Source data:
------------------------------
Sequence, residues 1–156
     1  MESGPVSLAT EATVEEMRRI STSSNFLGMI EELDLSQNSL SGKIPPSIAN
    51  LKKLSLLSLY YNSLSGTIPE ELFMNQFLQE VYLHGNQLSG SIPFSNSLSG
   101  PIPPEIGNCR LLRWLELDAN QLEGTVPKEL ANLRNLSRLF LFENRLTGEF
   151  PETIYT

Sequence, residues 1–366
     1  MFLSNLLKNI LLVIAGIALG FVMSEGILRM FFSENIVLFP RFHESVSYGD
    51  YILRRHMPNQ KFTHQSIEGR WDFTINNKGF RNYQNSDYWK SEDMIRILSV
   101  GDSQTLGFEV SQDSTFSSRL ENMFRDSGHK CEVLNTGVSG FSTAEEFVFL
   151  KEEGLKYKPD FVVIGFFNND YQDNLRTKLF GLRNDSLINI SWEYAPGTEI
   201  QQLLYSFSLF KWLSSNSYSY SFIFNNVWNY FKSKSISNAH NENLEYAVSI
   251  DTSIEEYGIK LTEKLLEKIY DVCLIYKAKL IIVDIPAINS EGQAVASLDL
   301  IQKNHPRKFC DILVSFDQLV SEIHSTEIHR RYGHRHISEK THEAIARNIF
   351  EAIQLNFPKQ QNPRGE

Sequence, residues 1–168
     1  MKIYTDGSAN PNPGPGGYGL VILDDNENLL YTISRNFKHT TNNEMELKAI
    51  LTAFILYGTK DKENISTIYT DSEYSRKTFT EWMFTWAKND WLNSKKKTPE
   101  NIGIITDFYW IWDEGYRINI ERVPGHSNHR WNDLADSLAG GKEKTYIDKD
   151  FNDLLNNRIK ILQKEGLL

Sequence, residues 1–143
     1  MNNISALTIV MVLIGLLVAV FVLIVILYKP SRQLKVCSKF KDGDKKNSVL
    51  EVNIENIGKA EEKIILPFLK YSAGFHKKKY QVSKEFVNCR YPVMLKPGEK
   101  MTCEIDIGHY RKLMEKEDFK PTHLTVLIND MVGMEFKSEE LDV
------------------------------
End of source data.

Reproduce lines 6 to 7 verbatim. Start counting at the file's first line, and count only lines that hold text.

Sequence, residues 1–366
     1  MFLSNLLKNI LLVIAGIALG FVMSEGILRM FFSENIVLFP RFHESVSYGD